Not too long after the first private investigation firm, Pinkerton’s National Detective Agency, gained worldwide success, so did their fictionalized counterparts. From its inception in 1850 to today’s Sherlock infatuation, the idea of the private detective has inspired generations.

As Sir Arthur Conan Doyle’s iconic Holmes and Watson caught the world’s attention, detective novels, serials, radio, and then television became an integral part of our shared culture. From the Pink Panther’s Det. Jacques Clouseau to the flawed Ret. Det. Bill Hodges in Stephen King’s Mr. Mercedes, private investigation seems a rife creative arena for writers and movie-makers to explore.


So why did private investigation become the career of choice for some of the world’s most iconic characters, and how does this compare to the reality of an actual private investigator (PI)?

Here’s what the media isn’t telling you.

The Awe (Ha!) Factor

Private investigation is a job that provides plenty of content for stories while allowing the audience to participate in solving the underlying mystery. These are positions of power that can provide delineation between right or wrong, good or evil, and all the shades of grey in between. The audience is simultaneously enraptured, enthralled, and scared by these stories which involve elements of danger and suspense. This combination of mystery, heroism, and justice provides wish fulfillment for the audience all from the comfort of their couches.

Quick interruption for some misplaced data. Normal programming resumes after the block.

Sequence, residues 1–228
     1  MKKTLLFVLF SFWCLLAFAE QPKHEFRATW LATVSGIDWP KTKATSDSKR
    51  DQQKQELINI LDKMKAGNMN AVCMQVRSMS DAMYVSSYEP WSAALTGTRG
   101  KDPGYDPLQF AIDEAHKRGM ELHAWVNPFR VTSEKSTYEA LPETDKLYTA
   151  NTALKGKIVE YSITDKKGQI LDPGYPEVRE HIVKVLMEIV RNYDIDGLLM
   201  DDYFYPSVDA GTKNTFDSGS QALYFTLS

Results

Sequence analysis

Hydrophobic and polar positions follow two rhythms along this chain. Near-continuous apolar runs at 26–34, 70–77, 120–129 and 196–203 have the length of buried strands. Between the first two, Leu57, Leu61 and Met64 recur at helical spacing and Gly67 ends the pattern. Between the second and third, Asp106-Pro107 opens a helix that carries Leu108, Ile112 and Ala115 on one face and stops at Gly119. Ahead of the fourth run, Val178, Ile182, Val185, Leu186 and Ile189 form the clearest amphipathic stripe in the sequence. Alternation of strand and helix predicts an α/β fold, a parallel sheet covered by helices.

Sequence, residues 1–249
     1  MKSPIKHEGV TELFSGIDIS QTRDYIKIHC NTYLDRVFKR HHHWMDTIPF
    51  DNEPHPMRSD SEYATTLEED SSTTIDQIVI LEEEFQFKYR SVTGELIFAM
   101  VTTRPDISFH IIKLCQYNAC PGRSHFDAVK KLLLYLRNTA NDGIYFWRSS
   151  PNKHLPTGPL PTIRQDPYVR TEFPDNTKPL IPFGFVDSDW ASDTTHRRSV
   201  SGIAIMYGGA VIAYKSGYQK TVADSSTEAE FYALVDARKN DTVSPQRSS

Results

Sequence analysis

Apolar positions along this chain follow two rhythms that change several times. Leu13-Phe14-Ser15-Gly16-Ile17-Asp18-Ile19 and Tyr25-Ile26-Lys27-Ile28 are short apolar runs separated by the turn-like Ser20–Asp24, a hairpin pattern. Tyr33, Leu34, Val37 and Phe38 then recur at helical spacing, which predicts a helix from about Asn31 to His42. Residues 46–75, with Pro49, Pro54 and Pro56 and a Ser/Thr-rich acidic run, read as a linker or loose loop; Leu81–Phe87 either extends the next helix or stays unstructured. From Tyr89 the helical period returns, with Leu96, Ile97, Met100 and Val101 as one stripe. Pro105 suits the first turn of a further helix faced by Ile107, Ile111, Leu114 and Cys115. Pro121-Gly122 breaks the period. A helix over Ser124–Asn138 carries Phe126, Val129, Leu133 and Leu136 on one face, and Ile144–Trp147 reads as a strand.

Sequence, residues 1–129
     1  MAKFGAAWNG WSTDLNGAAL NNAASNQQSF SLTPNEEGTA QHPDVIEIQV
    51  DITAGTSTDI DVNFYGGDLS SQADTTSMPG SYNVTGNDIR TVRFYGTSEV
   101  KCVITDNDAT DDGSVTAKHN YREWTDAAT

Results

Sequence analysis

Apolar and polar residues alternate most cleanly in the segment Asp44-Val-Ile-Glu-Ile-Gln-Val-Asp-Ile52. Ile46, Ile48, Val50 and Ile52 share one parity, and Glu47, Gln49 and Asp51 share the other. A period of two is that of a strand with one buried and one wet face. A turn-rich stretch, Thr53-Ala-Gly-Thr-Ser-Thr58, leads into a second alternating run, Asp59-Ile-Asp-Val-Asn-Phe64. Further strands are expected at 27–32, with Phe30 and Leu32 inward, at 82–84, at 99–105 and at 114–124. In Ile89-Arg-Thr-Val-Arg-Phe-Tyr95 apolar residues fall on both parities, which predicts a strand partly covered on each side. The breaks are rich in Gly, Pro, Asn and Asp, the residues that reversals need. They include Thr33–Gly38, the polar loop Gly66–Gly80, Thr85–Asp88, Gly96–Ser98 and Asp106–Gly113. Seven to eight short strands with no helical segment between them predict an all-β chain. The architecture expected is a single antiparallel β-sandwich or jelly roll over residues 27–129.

Living Inside the Law

Of course, real-life PI’s are not the dark, noir-esque heroes with a penchant for breaking and entering that audiences imagine them to be. Private investigators are dissimilar from heads-of state and law enforcement figures because they are considered private citizens. A PI who is found guilty of planting recording devices on personal property faces the same jail time as any other lawbreaker. As private citizens, PIs aren’t given additional legal privilege like those who work in the public sector – that means no Robert Downey Jr.-era Holmes inflicting high kicks on those in his way. At least, not without potential assault and battery charges.


Though reality may not be as glamorous as the PI of our cultural imaginings, another aspect of their wide-spread appeal is their relatability.

There are advantages to telling a story from the POV of an all-powerful emperor or ruthless serial killer, but relating to mainstream audiences isn’t one of them. As a regular citizen, PIs walk the line between a crime fighter and “normal” person (albeit usually one with a few deep, dark secrets). This connects the audience with the character, as they identify with an investigator finding success through intellect instead of power.

A Million Suspenseful Variations on the Truth

As time and technology has changed, so have detective stories. Private investigation media has moved to incorporate the real-life work of a typical investigator, bringing more diverse characters, new perspectives, and fresh plotlines. Yet, the truth about private investigation is still shrouded in Hollywood starlight and suspense-driven misinformation. Investigators in modern fiction are still often taken to sensationalistic extremes by their authors – so much so that a PI becomes akin to an anti-hero Marvel character, as opposed to an actual person (i.e., Sherlock “Ironman” Holmes).

Lauth Features - Detectives Culture

What you should know is that real-life PIs are less dangerous, deadly, and dashing than you probably think.

Being a “real” person is not just a trope of the detective genre, it’s the truth in both fiction and real life. Although fictionalized takes on the profession of private investigation will (and should) continue, knowing the truth about a PI’s function and capability are essential if you find yourself needing their vital and real-life services.